I settled on a recipe for my marinade that will (or I should say is) flavoring the chicken for the skewers I'm making for the big luau Saturday. The last part of the equation was to figure out what kind of wine to use, because I was totally clueless.
Naturally I had to find out why you'd cook with wine in the first place. The most obvious reason is flavor, and I doubt there is any substance in the world that varies more in flavor than wine. You don't even have to be a wine snob to appreciate that. But I also learned that the acidity of wine tends to tenderize meat as well, which I've learned is incredibly important for grilling in particular.
I wanted to go for tropical and fruity, so naturally pineapple juice was going to be the starting point (and since there would be pineapple on the skewers, it just makes sense). A lot of recipes I found also include soy sauce, though I couldn't find the brand that comes from Hawaii, so I had to skip on authenticity. I can't even describe what soy sauce tastes like, aside from salty, but I like it. I've noticed too that when you cook with it, it has a stronger taste. I also wanted to use a little garlic powder and a fair amount of ginger for a good kick.
Fortunately, we have an amazing organic food store around here, Mustard Seed Market. They also have a restaurant at both locations that make some pretty amazing stuff, including milkshakes. If you doubt the difference in organic ingredients, have a milk shake. It will blow your mind.
Anyway, their wine selection is massive, and they frequently have a "wine guy" there to answer questions. He's not one of those pretentious assholes from Sideways either. So I explained what it was I wanted to do, and he started to steer me in the right direction. He pointed out several fruity wines that were low in alcohol but big on flavor, and I settled on Moscato d'Asti. It's made from muscat grapes, which are known for being fruity or flowery smelling, he said, depending on who you ask. This particular wine is semi-sparkling, so it's a little fizzy, but not like that "other" Asti, which tastes like shit.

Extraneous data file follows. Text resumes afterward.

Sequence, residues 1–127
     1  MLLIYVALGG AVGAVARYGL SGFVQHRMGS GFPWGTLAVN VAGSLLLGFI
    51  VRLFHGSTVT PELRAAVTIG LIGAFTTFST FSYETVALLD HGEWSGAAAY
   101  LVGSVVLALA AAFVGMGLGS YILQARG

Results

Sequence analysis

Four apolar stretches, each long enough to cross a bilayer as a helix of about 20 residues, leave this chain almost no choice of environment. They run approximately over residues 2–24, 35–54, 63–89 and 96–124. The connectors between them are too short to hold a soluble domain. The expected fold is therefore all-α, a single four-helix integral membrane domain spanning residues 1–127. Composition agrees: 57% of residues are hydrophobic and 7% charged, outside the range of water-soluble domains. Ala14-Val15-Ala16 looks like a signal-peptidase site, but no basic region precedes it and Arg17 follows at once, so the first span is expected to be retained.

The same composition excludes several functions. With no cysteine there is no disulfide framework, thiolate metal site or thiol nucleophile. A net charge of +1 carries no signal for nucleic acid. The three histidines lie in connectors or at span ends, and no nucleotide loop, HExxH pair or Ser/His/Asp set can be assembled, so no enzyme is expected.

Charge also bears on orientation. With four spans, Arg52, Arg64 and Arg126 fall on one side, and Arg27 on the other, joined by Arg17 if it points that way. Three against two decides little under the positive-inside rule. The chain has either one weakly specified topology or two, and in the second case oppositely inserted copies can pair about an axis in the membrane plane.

Of course I tasted it before I submerged a dozen cut up chicken breasts in it, and it was exactly what I was going for! Once I mixed it in with the other ingredients, it was the taste I was hoping for, almost. I added more ginger. I pussed out on getting fresh ginger because I don't really have anything to grind it with, so I bought the powdered stuff. I really like it.
And the bonus of cooking with wine? You can tie one on while you cook! :)
This is really fun. Tomorrow, I cook a pizza on the grill on my new stone.